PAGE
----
The school of Dvaita philosophy of Madhvacharya believes that Brahman is not the material cause of the universe, but only the efficient cause.

But at the end of chapter 2, section 2, the Brahma Sutras refute the Pasupata school partly on the grounds that it rejects Brahman as being the material cause of the universe.

If this is the case, how can the Dvaita school support the Brahma Sutras? In other words, how do they interpret the sutras where it suggests Brahman being the material cause?

1 Answer 1


Here is how the Dvaita philosopher Madhvacharya interprets various parts of the Brahma Sutras which other commentators interpret as saying that Brahman rather than Prakriti is the material cause of the Universe:

  1. Most commentators interpret Adhyaya 1 Pada 1 Sutra 5 as rejecting the view that Prakriti is the material cause of the Universe spoken of as Brahman in the Upanishads:

    īkṣaterna aśabdam

    The Pradhana of the Samkhyas is not the cause of the universe, because it is not mentioned in the Upanishads, which fact is clear from the fact of seeing (or thinking).

    Now Madhvacharya would agree that Prakriti is not the one referred to as Brahman in the Upanishads, but he also believed that Prakriti is the material cause of the Universe.  In any case, he interprets the Sutra completely differently than others; he thinks it's saying that Brahman is perceptible:

    "He (by virtue of the initiation received) from the most exalted of souls sees the perfect Being, the Lord of lords pervading all bodies.  He shall find the Lord within himself.  Having received a clear notion from the preceptor or by means of Scripture, he shall endeavor after direct realisation." From these and like statements, it being declared as perceptible, is positively declared by the word. Since it is a thing revealed by the Upanishads, it's perception cannot arise by means other than words.... The statement that Brahman is indescribable, etc., however proceeds from the absence of thorough comprehension of Brahman.... The interpretation put by other (commentators) upon the word Asabda in this Sutra cannot be justified.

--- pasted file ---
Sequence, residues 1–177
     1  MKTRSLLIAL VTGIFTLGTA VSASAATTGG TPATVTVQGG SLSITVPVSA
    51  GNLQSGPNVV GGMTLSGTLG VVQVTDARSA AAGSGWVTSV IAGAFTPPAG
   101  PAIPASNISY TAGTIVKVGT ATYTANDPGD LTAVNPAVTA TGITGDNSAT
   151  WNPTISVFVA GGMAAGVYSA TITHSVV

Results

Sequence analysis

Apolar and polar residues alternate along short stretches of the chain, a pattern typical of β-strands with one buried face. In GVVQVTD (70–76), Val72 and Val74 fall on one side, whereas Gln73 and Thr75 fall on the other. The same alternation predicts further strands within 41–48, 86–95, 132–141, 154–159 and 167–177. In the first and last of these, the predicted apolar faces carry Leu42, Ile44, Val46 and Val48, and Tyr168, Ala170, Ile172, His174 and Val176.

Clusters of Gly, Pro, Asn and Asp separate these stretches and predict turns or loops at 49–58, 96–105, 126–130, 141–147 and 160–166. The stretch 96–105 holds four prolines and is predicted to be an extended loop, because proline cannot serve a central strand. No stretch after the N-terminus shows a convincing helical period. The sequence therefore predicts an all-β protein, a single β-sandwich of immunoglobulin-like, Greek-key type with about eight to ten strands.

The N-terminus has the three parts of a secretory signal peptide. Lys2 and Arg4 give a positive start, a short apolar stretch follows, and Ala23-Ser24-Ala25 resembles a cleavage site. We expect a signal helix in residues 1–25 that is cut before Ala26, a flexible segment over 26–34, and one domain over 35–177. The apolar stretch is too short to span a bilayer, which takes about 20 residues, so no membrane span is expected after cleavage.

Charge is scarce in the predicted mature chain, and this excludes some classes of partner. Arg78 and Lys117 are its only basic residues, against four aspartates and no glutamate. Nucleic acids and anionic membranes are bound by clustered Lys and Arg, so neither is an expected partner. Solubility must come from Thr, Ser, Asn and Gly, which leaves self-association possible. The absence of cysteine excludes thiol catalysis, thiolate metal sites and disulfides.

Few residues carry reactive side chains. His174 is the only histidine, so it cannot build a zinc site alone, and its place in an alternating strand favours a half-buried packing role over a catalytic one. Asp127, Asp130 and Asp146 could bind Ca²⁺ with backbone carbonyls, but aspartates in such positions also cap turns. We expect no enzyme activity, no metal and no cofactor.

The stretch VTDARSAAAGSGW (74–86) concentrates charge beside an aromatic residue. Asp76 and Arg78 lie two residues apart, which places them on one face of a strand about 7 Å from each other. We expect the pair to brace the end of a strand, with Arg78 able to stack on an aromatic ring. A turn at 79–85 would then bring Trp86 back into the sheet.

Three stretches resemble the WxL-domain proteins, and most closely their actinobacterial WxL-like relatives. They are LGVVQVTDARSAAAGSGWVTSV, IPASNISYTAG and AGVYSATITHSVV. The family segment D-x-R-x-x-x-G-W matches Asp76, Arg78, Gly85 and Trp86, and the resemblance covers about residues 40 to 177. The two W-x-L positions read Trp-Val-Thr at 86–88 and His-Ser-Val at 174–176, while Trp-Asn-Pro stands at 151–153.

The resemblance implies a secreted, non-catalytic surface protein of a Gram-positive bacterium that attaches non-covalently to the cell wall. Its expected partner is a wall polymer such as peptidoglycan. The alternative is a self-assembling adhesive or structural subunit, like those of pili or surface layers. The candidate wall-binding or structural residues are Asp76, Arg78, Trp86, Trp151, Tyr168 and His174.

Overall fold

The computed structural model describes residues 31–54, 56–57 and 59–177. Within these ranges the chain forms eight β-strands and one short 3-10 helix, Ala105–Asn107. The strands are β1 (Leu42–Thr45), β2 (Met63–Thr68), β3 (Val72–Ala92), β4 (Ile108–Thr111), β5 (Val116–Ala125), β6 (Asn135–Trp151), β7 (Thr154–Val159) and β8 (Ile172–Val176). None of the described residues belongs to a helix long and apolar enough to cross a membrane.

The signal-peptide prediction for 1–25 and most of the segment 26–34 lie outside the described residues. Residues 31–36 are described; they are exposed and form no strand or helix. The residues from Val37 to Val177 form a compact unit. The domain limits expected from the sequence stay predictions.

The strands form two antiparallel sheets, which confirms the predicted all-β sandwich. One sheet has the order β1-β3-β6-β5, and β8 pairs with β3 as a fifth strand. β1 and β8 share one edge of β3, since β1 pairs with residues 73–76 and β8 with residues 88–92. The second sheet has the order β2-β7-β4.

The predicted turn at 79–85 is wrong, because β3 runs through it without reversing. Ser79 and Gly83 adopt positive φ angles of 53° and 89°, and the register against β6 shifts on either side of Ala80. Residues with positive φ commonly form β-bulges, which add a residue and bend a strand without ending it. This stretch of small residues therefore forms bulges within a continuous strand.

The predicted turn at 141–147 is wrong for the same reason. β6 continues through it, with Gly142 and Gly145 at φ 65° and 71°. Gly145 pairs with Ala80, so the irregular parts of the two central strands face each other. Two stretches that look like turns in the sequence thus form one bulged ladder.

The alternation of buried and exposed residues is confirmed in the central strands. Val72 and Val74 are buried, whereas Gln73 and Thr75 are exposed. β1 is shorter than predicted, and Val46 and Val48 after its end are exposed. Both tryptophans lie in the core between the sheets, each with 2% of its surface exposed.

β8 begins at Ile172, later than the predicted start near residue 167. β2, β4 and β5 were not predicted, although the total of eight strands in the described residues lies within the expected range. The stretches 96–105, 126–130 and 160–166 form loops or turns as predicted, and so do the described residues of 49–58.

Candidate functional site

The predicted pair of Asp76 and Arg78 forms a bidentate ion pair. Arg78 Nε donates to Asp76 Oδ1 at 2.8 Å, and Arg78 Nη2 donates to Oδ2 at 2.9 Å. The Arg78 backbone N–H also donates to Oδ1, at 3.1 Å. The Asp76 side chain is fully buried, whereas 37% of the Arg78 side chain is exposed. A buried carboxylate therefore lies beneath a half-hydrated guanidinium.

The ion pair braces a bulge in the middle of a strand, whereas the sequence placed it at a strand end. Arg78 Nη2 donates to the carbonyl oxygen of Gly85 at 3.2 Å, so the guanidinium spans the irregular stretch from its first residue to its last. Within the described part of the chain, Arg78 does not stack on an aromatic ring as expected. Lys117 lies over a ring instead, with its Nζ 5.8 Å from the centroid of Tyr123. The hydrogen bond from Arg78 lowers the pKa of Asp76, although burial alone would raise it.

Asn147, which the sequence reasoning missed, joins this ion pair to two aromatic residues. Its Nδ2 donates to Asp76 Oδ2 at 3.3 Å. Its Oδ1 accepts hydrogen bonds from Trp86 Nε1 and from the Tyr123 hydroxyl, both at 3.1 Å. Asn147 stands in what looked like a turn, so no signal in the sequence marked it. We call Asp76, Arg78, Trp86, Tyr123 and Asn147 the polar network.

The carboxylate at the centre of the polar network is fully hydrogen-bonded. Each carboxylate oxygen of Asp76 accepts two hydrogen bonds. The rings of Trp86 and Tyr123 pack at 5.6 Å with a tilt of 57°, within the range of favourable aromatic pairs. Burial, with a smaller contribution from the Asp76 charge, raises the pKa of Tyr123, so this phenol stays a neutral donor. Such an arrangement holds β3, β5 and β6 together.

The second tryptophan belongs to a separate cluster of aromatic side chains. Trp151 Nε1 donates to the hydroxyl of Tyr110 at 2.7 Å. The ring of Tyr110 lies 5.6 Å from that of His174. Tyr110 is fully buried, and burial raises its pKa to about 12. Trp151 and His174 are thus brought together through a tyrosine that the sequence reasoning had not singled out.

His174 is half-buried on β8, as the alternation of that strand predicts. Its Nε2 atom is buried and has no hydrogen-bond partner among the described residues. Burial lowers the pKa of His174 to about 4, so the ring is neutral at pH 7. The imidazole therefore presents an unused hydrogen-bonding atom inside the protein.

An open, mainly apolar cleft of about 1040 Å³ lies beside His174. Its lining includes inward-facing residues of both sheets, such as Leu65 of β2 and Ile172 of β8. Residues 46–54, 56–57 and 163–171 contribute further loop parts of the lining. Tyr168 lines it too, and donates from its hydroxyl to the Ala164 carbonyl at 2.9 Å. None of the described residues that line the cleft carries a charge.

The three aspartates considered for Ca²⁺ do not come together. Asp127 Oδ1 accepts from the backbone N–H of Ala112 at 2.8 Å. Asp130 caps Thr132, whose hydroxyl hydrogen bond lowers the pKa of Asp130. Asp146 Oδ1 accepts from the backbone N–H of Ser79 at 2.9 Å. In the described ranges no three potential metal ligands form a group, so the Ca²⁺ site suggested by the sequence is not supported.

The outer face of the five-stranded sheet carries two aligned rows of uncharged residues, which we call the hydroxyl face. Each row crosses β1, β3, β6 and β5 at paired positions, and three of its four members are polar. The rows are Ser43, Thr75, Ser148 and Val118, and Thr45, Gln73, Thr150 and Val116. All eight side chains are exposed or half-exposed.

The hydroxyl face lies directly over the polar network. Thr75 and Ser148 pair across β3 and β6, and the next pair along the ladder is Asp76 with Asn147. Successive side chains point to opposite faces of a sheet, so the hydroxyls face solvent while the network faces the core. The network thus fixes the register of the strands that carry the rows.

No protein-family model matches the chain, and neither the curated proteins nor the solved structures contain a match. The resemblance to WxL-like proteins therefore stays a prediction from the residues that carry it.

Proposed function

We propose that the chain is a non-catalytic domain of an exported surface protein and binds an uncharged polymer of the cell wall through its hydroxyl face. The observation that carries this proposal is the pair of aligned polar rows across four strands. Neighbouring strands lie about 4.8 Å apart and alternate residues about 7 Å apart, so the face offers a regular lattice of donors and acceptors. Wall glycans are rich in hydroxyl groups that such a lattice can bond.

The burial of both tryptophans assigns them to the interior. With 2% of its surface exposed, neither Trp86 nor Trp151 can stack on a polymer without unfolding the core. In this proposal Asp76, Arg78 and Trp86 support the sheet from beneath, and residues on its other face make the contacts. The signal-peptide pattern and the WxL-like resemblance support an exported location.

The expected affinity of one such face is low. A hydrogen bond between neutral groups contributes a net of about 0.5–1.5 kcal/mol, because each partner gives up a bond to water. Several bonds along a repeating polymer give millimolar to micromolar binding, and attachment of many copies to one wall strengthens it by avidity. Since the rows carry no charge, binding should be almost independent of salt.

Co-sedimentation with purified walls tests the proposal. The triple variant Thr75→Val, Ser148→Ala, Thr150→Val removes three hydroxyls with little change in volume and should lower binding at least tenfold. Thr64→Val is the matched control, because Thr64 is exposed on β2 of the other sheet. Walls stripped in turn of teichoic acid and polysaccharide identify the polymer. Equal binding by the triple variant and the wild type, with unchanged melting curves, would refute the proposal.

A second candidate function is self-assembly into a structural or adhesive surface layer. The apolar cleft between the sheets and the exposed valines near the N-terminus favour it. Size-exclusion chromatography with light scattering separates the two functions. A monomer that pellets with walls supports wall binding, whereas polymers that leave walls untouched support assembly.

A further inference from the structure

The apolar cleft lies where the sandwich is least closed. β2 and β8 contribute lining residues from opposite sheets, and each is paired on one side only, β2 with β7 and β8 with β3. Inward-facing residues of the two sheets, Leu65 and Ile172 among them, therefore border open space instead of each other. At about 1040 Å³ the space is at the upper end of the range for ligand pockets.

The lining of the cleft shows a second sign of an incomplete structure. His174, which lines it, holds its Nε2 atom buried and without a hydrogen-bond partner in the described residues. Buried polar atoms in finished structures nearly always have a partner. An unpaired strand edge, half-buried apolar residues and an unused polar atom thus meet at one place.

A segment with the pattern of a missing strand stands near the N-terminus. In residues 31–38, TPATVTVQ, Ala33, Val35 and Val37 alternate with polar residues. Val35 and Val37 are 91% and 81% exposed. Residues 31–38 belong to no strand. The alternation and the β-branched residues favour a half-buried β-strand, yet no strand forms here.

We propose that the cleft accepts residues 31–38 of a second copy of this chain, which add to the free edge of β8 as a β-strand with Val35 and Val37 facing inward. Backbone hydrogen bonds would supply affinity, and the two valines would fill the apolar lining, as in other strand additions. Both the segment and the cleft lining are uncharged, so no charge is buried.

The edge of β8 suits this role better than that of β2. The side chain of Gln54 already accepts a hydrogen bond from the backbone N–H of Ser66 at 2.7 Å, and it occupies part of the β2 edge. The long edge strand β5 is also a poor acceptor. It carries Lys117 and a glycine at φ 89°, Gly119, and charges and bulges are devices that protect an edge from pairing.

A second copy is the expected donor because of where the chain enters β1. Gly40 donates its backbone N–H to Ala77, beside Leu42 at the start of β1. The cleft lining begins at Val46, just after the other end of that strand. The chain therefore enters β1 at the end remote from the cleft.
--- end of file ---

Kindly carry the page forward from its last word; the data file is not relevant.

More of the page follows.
2. Most commentators consider Adhyaya 1 Pada 4 Sutra 23 as saying that Brahman is the material cause of the Universe:

    prakṛtiśca pratijñādṛṣṭāntānuparodhāt

    Brahman must be the material cause as well, so as not to contradict the proposition and the illustration.

    But Madhvacharya interprets this Sutra as saying the word Prakriti is a name of Brahman (in addition to being a name of the entity posited by the Samkhya school):

    That also the words denoting feminine things primarily declare the Lord only, the Sutrakara says[.]... "Verily this person alone all the names declare; just as all the rivers going to the sea, flow towards and enter it, so do all names enter and declare the Perfect Being." Thus agreeably to the argument and illustration given, the same Lord is necessarily denoted by the word Prakriti also.

  3. Most commentators interpret Adhyaya 2 Pada 1 Sutra 1 as saying that the view that Brahman is the material cause should not be rejected just to avoid contradicting the Smritis of the Samkhya school, because that rejecting that view would require contradicting other Smritis:

    smṛtyanavakāśadoṣaprasaṅga iti cet na anyasmṛtyanavakāśadoṣaprasaṅgāt

    If it be argued (that from the acceptance of Brahman as the cause of the universe) arises the defect of the (Samkhya) Smritis being left without any scope, then not so, for otherwise will arise the defect of other Smritis losing their scope.